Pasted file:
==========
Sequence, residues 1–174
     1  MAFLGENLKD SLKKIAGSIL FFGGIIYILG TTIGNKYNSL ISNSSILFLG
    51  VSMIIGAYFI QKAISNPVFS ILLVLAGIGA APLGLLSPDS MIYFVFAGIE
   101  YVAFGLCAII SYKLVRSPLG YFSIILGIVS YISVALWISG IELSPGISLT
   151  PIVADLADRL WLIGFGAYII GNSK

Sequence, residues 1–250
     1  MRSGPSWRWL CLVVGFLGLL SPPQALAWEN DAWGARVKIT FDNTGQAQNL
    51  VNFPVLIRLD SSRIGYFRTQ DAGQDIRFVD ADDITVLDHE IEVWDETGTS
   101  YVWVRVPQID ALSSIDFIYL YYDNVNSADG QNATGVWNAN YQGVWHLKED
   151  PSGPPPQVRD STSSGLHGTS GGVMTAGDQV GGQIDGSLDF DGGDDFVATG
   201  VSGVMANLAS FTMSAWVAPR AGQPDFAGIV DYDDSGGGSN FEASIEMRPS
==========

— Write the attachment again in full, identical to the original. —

Sequence, residues 1–174
     1  MAFLGENLKD SLKKIAGSIL FFGGIIYILG TTIGNKYNSL ISNSSILFLG
    51  VSMIIGAYFI QKAISNPVFS ILLVLAGIGA APLGLLSPDS MIYFVFAGIE
   101  YVAFGLCAII SYKLVRSPLG YFSIILGIVS YISVALWISG IELSPGISLT
   151  PIVADLADRL WLIGFGAYII GNSK

Sequence, residues 1–250
     1  MRSGPSWRWL CLVVGFLGLL SPPQALAWEN DAWGARVKIT FDNTGQAQNL
    51  VNFPVLIRLD SSRIGYFRTQ DAGQDIRFVD ADDITVLDHE IEVWDETGTS
   101  YVWVRVPQID ALSSIDFIYL YYDNVNSADG QNATGVWNAN YQGVWHLKED
   151  PSGPPPQVRD STSSGLHGTS GGVMTAGDQV GGQIDGSLDF DGGDDFVATG
   201  VSGVMANLAS FTMSAWVAPR AGQPDFAGIV DYDDSGGGSN FEASIEMRPS